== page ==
In attempting to juggle two separate narratives for the bulk of the film, The Empire Strikes Back can't help but lapse into some rather episodic plot structures. The first act takes a while to get going as it begins with Luke being attacked by a yeti-like creature and getting rescued by Han, though it does provide a memorable action set-piece as the Rebels must evacuate Hoth while fighting off Imperial invaders. From there, Luke's adventures on the swamp planet of Dagobah have a clear progression, though they are a bit oddly-paced and also seem to move slowly even when it's for reasons that do make sense within the narrative. Meanwhile, the plot following Han and Leia as they try to evade the Imperials in the face of technical difficulties and serious desperation does come across as a little padded. The entire sequence where they hide from the Imperials by flying the Millennium Falcon inside a cave-riddled asteroid is arguably the biggest offender in this regard, though it is at least redeemed by the fact that it provides a quiet breather and room for character development. Things do pick up once they arrive in Cloud City and the film begins to build towards its conclusion, but that's to be expected. Even then, inter-cutting both the climatic duel and the climatic escape can't help but feel imbalanced as one is definitely more interesting to watch than the other. At least nothing here feels as unnecessary as the Jabba the Hutt scene that was included in the original film's special edition.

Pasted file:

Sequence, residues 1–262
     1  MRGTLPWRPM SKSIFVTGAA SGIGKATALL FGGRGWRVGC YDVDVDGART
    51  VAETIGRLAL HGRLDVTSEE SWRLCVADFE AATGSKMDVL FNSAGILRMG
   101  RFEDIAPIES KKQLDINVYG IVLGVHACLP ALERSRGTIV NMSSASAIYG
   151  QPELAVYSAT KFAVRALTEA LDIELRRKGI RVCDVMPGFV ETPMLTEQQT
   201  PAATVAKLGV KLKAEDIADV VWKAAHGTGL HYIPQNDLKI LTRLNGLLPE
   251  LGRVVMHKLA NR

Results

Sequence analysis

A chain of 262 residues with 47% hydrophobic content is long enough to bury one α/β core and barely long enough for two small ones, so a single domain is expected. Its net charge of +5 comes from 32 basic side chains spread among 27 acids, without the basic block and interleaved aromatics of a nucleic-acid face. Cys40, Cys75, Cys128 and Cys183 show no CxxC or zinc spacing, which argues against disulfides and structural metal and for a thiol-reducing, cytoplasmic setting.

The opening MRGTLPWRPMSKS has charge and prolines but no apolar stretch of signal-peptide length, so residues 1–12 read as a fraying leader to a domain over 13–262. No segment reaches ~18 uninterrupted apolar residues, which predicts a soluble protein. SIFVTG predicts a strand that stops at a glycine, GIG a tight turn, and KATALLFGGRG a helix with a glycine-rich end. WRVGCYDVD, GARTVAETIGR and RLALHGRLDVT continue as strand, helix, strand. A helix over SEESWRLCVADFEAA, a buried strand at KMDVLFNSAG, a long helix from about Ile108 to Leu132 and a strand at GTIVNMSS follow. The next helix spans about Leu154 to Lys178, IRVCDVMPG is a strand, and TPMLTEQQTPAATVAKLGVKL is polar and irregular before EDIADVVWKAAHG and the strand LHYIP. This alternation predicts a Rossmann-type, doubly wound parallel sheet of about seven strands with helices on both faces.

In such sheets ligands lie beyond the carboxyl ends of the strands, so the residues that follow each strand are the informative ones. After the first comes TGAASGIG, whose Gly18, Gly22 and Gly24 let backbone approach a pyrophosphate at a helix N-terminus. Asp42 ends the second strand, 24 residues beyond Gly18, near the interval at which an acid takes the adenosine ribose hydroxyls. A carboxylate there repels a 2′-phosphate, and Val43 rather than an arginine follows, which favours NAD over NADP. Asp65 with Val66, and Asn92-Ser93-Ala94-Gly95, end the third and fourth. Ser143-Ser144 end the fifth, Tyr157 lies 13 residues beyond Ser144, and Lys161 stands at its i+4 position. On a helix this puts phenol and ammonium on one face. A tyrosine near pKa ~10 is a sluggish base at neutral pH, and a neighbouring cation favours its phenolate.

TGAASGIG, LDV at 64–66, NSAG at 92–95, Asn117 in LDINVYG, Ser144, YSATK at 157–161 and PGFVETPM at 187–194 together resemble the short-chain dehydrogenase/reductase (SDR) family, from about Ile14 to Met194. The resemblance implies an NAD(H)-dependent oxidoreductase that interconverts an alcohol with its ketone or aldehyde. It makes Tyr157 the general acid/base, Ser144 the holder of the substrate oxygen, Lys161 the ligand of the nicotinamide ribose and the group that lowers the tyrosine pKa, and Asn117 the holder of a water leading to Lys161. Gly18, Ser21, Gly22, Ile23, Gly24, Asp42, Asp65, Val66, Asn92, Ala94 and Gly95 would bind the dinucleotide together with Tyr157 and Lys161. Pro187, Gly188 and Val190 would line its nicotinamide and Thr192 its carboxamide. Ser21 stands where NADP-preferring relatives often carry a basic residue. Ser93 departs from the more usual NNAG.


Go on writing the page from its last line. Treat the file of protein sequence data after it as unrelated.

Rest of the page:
Another favourable quality about The Empire Strikes Back is that its special edition has the least obtrusive alterations of the trilogy. Though you can pick some flashy additions to certain establishing shots or action scenes, it's handled with nuance and discretion so as not to stick out like a sore thumb as it does in the other films. The art direction and set design are impressive as always; while ice planets and swamp planets may not provide anything too distinctive, the detail put into their construction is still apparent even before the film reaches the sleek white corridors and gloomy orange-and-black factories of Cloud City. The action is definitely upgraded as well - the climax delivers a very promising lightsaber duel that overshadows almost everything else in the film, though the aforementioned Hoth sequence is also very impressive and I think I might honestly prefer it to the climatic dog-fight that served as the climax to the original film. John Williams also ups the ante as he not only provides new reiterations on the original film's score but also comes up with some solid new additions, especially the iconic "Imperial March" that serves primarily as Darth Vader's leitmotif.

Though I will concede that The Empire Strikes Back is still a film that can't quite stand apart from its predecessor, that hardly seems relevant as it amply builds upon the established world and characters to provide a film that at the very least measures up to one considerably high standard. It goes into darker territory without getting bogged down in vacuous nihilism, while the somewhat haphazard plotting is more than compensated for by the strength of many individual scenes. Characters that once filled broad archetypes are given greater definition and even new ones are granted surprising levels of nuance. Meanwhile, the space fantasy setting and its mythology that was only teased at earlier is expanded in ways that admittedly threaten to collapse in on themselves but fortunately work to sustain a film that goes above and beyond the high adventure promised by the original.